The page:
The Act provides that administrative proceedings must be exhausted before parties may file suit in court. Under section 608c(15)(A) of the Act, any handler subject to an order may file with USDA a petition stating that the order, any provision of the order, or any obligation imposed in connection with the order is not in accordance with law and request a modification of the order or to be exempted therefrom. Such handler is afforded the opportunity for a hearing on the petition. After the hearing USDA would rule on the petition. The Act provides that the district court of the United States in any district in which the handler is an inhabitant, or has his or her principal place of business, has jurisdiction to review USDA's ruling on the petition, provided an action is filed not later than 20 days after the date of the entry of the ruling.

This rule continues in effect the action that suspended § 948.215 of the order's rules and regulations. Section 948.215 established an assessment rate of $0.02 per hundredweight of Colorado potatoes handled for 2005-2006 and subsequent fiscal periods. Continuous assessment rates remain in effect from fiscal period to fiscal period unless modified, suspended, or terminated by USDA. This rule continues in effect the action that suspended the $0.02 assessment rate for 2006-2007 and will remain in effect during subsequent fiscal periods until reinstated by USDA upon recommendation of the Committee.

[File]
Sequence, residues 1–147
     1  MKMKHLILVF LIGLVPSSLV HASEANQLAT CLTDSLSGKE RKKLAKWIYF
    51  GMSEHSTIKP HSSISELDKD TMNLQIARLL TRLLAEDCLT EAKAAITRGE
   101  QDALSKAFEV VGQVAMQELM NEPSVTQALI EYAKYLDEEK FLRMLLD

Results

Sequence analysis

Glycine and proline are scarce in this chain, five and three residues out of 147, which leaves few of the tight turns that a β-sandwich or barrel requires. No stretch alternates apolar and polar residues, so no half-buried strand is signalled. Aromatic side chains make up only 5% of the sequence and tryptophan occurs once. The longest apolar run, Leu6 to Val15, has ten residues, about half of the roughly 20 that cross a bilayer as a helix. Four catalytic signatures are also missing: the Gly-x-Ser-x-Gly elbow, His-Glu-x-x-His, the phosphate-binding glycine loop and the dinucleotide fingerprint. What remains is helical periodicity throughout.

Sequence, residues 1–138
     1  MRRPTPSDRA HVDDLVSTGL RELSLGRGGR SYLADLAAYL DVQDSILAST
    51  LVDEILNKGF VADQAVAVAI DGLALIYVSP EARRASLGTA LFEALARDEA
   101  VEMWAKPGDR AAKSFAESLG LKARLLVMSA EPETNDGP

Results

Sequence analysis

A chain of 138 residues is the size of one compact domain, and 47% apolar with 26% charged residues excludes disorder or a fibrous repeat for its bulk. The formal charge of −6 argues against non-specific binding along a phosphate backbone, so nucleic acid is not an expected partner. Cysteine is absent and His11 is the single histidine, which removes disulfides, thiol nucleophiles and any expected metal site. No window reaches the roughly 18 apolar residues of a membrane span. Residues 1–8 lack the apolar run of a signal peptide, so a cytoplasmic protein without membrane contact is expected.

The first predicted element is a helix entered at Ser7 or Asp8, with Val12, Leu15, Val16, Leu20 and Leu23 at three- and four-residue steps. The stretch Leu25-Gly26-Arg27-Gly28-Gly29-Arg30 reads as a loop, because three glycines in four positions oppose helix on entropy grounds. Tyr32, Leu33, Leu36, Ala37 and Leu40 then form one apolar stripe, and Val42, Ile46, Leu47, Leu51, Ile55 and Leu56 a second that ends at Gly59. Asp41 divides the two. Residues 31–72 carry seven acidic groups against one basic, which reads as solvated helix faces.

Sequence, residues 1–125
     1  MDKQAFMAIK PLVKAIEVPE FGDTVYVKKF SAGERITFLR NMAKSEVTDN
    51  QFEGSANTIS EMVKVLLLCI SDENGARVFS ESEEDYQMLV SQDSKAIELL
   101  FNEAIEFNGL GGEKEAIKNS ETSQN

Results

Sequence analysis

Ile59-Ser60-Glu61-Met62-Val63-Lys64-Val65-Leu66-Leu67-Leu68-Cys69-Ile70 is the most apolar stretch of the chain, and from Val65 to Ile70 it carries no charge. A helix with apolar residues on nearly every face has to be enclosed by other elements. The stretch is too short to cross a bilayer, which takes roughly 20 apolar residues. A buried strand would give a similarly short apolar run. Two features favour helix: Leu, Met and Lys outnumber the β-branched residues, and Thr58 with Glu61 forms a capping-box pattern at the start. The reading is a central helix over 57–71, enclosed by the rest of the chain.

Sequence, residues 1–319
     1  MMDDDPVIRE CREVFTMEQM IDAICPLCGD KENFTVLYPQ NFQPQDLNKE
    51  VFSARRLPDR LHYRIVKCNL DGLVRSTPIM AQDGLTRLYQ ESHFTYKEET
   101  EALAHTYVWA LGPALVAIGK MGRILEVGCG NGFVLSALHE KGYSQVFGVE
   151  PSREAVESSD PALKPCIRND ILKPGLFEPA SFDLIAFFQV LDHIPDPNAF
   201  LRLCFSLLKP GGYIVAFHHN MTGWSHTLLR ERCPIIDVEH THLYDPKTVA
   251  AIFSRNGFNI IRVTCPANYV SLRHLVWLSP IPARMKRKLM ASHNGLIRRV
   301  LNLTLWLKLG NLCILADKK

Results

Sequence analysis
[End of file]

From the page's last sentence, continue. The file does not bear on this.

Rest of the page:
The order provides authority for the Committee, with the approval of USDA, to formulate an annual budget of expenses and collect assessments from handlers to administer the program. In addition, the order authorizes the use of monetary reserve funds to cover program expenses (§ 948.78). The members of the Committee are producers and handlers of Colorado potatoes. They are familiar with the Committee's needs and with the costs for goods and services in their local area and are thus in a position to formulate an appropriate budget and assessment rate. The assessment rate is formulated and discussed in a public meeting. Thus, all directly affected persons have an opportunity to participate and provide input.

The Committee met on May 11, 2006, and unanimously recommended 2006-2007 expenditures of $20,268 and suspension of the continuing assessment rate. In comparison, last year's budgeted expenditures were $20,368. The suspension of the assessment rate will allow the Committee to draw from the reserve to cover 2006-2007 expenditures. This action should effectively lower the reserve to within the program limit of approximately two fiscal periods' operational expenses (§ 948.78).

The major expenditures recommended by the Committee for the 2006-2007 fiscal period include $8,610 for salary, $3,000 for office rent, $1,750 for office expenses, and $1,000 for utilities. These budgeted expenses are the same as those approved for the 2005-2006 fiscal period.